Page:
The answer is the continual reuse and recycling of water through naturally occurring biological processes. Basically, the waste from fish produces natural bacteria that converts waste like ammonia into nitrate. This nitrate is then absorbed by plants as a source of nutrients. The basic principle of aquaponics is to put waste to use.

Let's take a look at the step-by-step process:

  • Fish living in aquaponic tanks excrete waste and respirate ammonia into water. Ammonia is toxic to fish in high concentrations, so it has to be removed from the fish tanks for fish to remain healthy.
  • Ammonia-laden water is processed to harvest helpful types of bacteria such as Nitrosomonas and Nitrobacter. Nitrosomonas turns ammonia into nitrite, while nitrobacter converts into nitrate. Both of these nitrates can be used as plant fertilizer.
  • Nitrate-rich water is introduced to the hydroponically grown plants (plants grown without soil). These plants are placed in beds that sit on tubs filled with water, and the water is enhanced by the nitrate harvested from the fish waste. The plants' bare roots hang through holes in the beds and dangle in the nutrient-laden water.
  • The roots of the plants absorb nitrates, which act as nutrient-rich plant food. These nitrates, which come from fish manure, algae and decomposing fish feed, would otherwise build up to toxic levels in the fish tanks and kill the fish. But instead, they serve as fertilizer for the plants.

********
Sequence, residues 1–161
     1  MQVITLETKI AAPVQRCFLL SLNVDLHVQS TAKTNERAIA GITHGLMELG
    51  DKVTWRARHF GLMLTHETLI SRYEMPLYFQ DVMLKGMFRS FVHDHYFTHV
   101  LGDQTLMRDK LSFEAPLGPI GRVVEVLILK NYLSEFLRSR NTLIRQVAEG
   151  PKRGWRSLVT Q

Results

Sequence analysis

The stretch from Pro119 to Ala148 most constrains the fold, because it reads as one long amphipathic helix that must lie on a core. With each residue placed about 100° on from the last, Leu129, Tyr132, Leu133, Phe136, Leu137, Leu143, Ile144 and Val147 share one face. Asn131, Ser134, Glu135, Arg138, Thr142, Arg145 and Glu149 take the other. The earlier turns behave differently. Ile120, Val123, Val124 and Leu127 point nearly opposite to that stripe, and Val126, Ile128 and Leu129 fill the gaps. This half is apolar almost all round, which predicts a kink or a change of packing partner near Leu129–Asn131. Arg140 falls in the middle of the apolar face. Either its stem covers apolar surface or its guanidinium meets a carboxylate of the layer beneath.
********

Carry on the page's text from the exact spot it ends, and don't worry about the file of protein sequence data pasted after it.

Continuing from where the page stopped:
• The hydroponic plants' roots function as a biofilter -- they strip ammonia, nitrates, nitrites and phosphorus from the water. Then, that clean water is circulated back into the fish tanks.

Because fish waste is used as fertilizer, there's no need for chemical fertilizers. The money and energy it would take to put those chemicals to work is saved. In fact, the only conventional farming method that's used to operate an aquaponics system is feeding the fish.

Now you know how aquaponics works on a biochemical level. But which kinds of fish are best for these systems? And which plants thrive in them? Let's find out.

Aquaponics System Requirements

Trout are often farmed in aquaponics systems.
Trout are often farmed in aquaponics systems.
Joerg Lehmann/Getty Images

Many warm-water and cold-water fish species have been adapted to aquaponics systems. The most commonly cultivated fish in aquaponics systems are tilapia, cod, trout, perch, Arctic char and bass. But out of all of these, tilapia thrives best. Tilapia are very tolerant of fluctuating water conditions, such as changes in pH, temperature, oxygen and dissolved solids. They also are in high demand -- this white-fleshed fish is frequently sold in markets and restaurants.

Which plants thrive well in aquaponics systems? That depends on the density of the fish tanks and the nutrient content of the fish waste. In general, the best plants to cultivate in an aquaponics system are leafy greens and herbs. The high-nitrogen fertilizer generated through fish waste allows plants to grow lush foliage. So, leafy plants tend to flourish in aquaponics systems. Lettuce, herbs and greens like spinach, chives, bok choy, basil, and watercress have low to medium nutritional requirements and usually do well in aquaponics systems.